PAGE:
FMLA Case Allowed to Proceed to Trial

On March 24, 2014, the United States District Court for the Northern District of Indiana issued an Opinion and Order in Ransel v. CRST Lincoln Sales, Inc. denying in part CRST Lincoln Sales, Inc.’s Motion for Summary Judgment and allowing two of the employee’s four claims to proceed to trial.

Mr. Ransel is the Trustee for the bankruptcy estate of former CRST Lincoln Sales, Inc. employee John Kaufman. Mr. Kaufman was a driver for CRST Lincoln Sales, Inc. when he was involved in an on-the-job vehicle accident that caused him to sustain a back injury. Five days after the accident, Mr. Kaufman’s employment was terminated.

Earlier in the month, Mr. Kaufman had requested FMLA leave to care for his wife who suffered from a variety of conditions including COPD, Crohn’s disease, degenerative disk disease, and cancer. Mr. Kaufman alleged that this request for FMLA leave motivated CRST Lincoln Sales, Inc.’s decision to terminate his employment whereas CRST Lincoln Sales, Inc. claimed Mr. Kaufman’s accident was why he was fired.

In deciding the FMLA claim should be decided by a jury, the Court focused on several facts that called into question CRST Lincoln Sales, Inc.’s motivations with respect to Mr. Kaufman’s termination. In addition to the timing on the termination in relation to the leave request, there was evidence presented that other drivers involved in motor vehicle accidents had not been terminated by CRST Lincoln Sales, Inc. Because Mr. Kaufman’s accident had been deemed a “major preventable accident,” the Court focused solely on other employees with a “major preventable accident,” of which there was one identified. Although CRST Lincoln Sales, Inc. argued that individual’s “major preventable accident” had different circumstances that justified the differing treatment, the Court was not persuaded and noted the other employee had engaged in conduct of comparable seriousness that allowed for a comparison in how they were treated.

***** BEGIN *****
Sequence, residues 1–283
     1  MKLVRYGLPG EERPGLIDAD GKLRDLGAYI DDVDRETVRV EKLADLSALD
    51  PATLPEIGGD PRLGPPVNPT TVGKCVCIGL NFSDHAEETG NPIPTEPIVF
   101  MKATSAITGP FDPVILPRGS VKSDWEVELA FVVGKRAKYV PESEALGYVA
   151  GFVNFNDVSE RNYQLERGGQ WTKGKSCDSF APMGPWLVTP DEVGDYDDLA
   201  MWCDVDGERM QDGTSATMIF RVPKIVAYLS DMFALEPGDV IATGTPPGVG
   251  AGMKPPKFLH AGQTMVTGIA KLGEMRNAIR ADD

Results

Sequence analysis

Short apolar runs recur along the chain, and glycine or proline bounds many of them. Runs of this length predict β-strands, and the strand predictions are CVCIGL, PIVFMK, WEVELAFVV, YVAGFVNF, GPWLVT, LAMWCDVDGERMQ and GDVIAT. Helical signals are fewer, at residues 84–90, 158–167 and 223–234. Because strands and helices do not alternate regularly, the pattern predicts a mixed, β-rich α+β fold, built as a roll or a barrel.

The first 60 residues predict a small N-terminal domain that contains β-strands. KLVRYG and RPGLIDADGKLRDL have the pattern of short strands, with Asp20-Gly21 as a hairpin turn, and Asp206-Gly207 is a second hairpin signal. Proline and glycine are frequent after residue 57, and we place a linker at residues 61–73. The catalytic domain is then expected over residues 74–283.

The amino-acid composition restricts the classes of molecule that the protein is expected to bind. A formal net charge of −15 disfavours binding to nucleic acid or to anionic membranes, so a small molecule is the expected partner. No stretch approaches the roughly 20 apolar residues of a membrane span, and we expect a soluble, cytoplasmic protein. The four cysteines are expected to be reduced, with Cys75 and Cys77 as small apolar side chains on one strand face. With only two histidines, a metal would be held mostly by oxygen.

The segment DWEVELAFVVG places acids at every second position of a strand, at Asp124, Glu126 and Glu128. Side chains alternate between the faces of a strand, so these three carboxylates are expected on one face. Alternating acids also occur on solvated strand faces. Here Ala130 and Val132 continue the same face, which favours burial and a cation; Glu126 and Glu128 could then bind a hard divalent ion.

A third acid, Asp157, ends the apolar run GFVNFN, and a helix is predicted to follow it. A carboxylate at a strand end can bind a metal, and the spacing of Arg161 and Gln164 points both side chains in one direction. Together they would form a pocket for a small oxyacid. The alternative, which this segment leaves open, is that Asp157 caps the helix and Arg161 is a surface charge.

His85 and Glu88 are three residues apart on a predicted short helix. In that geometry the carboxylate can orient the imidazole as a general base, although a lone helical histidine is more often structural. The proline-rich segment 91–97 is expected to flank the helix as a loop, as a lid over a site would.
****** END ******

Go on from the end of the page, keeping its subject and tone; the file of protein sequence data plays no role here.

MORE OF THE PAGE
The Court also focused on a statement CRST Lincoln Sales, Inc. made to the Illinois Department of Employment Security that Mr. Kaufman was discharged “because he was absent.” This statement, along with the suspicious timing and differential treatment of another employee, raised enough doubts about CRST Lincoln Sales, Inc.’s motivation in terminating Mr. Kaufman’s employment to allow a jury to decide the case.

Although this blog entry is focused on the Family and Medical Leave Act (FMLA) claim, it is worth mentioning that the Court also allowed the retaliatory discharge claim to proceed to trial along with the FMLA claim.